Football

 
Feature: Kicker Armando Cuko Gaining Distance

Cuko heads into the season as the returning placekicker in 2009.

Cuko heads into the season as the returning placekicker in 2009.

Aug. 27, 2009

By Julian Benbow
Globe Staff / August 27, 2009

Looking back, Armando Cuko can see every up and down of his rollercoaster football career at the University of Massachusetts. But what's more important now, as he prepares for his final season, is that he can see how each peak and valley helped him in the long run.

The initial high came before he even stepped foot on a field.

The Minutemen courted him at Beverly High, where he was a captain and a three-year all-conference player, to be their starting kicker as a freshman. He thought it was a spot he deserved, though he had no idea how different the college game was from the high school game he dominated.

"You do feel entitled,'' Cuko said. "Every Division 1-AA football player feels entitled to being a starter. We all come from a small pond and you're the big fish. We're the all-star on the team and you automatically assume that you're going to be a starter.''

The 100-foot drop came almost immediately into his first season in Amherst. The kickoffs were longer (launched from the 30-yard line, not the 40). The uprights are not as wide (18 feet, 6 inches vs. 23-4). The game was faster than he expected, to the point that he felt he never got a clean look at a kick.

"Everything seemed like it was going 800 miles an hour,'' said the 5-foot-11, 190-pound Cuko.

Cuko missed more field goals (7) than he made (6) as a freshman, and that was the start of a reality check that spanned two seasons. In training camp his sophomore year, he had a pulled groin and then aggravated the injury in the opener vs. Villanova. He took a medical redshirt.

The next year, he sat on the bench as replacement Chris Koepplin repeated as an all-conference selection. But instead of sulking, he reflected, knowing his time would come and deciding to be prepared.

He kicked as much as his leg allowed. He worked on height and distance. He switched from a three-step approach to a two-step routine, increasing his accuracy and speed. Though he couldn't play, he traveled with the team and, before games, would go on the field for practice kicks and to imagine he was in a game, simulating the pressure he had become used to feeling on Saturdays. Time to think gave him a chance to learn about himself as a kicker.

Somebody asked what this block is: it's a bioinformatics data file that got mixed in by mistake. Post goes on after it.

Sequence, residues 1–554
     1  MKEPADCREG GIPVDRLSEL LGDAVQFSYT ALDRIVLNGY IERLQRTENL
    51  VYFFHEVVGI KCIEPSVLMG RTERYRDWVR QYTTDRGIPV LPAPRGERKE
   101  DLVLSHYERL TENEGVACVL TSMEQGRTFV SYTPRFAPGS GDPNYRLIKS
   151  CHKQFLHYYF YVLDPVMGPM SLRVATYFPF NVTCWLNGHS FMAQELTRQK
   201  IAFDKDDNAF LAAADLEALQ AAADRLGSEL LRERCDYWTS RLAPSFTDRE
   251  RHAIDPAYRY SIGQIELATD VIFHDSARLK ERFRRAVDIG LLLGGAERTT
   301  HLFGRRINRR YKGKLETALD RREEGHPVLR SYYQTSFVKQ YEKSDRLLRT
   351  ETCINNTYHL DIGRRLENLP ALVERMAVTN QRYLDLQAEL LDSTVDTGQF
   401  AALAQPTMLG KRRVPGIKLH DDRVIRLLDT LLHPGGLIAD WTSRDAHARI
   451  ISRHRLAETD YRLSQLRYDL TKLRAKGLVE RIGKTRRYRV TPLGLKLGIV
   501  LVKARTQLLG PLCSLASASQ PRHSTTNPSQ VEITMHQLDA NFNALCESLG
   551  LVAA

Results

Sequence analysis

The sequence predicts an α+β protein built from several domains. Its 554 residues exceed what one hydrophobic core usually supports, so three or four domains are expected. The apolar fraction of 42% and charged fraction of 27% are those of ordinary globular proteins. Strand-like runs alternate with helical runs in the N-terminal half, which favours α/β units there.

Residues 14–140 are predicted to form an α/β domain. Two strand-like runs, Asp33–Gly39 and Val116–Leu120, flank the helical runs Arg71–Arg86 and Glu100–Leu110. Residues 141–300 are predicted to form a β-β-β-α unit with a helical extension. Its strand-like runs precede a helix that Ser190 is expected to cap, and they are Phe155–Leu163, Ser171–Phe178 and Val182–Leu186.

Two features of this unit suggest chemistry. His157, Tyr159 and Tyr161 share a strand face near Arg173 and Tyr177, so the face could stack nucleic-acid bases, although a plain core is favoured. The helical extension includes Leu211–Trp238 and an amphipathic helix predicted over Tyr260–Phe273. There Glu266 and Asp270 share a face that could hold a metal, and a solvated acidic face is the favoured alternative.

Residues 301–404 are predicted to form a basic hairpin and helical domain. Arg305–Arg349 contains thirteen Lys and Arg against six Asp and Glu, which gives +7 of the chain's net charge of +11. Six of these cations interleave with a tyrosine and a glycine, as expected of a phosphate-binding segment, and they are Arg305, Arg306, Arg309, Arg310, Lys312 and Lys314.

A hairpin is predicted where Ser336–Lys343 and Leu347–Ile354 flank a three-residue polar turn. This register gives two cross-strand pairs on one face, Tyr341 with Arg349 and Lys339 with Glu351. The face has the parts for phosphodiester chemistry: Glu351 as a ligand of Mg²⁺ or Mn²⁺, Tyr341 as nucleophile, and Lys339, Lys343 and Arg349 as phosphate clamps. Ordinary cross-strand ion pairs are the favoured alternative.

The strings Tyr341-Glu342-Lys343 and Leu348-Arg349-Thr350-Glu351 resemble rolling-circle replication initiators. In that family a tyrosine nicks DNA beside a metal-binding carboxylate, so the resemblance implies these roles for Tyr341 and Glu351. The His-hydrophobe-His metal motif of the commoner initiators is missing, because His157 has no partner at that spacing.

"I thought of myself as being a great kicker and looking back, I wasn't as good as I thought I was,'' said Cuko, a native of Albania who emigrated at age 14 from Italy. "I was a good kicker, but I wasn't college good. I feel like those two years of me sitting down and watching and working it really, really made me appreciate and understand what college football was all about. It made me appreciate what I have right now, and it made me work even harder to not lose it and want to keep my spot.''

He reclaimed the starting spot last season. He connected on six of eight kicks and 45 of 46 extra points attempts. The biggest moment came Sept. 6 at Holy Cross when he found himself in the spot he had imagined for two years.

It was the first kick in three years, and the situation - a 42-42 tie - added to the pressure. Cuko told teammates, "I'm going to kick a game-winning field goal today.''

He got his chance on the final play. Holy Cross burned its timeouts trying to ice Cuko, but it only relaxed him. He drilled the 42-yard kick, the longest of his career, giving the Minutemen the win and at the same time giving himself new confidence.

"At that moment you don't think anything of it, but a couple of days later when I really started thinking about it, it felt good,'' he said. "It felt like those two years of me working in practice every day kind of started working out for me.''

As senior season approaches, Cuko has made his goals clear. He wants to play in the postseason, because if the Minutemen played well enough to get there it means he kicked well enough to get them there. Also, he doesn't want to miss a kick.

"Being a starter right away, you don't really fully understand or really fully appreciate what you've got until you lose it,'' he said.

"I'm not taking it for granted anymore. This is an opportunity that you don't get every day,'' he said. "It will come to an end at some point and that's why I worked so hard this summer to be able to kick the way I'm kicking right now, to be able to help my team and to be able to have great memories from my senior year.''

Julian Benbow can be e-mailed at jbenbow@ globe.com

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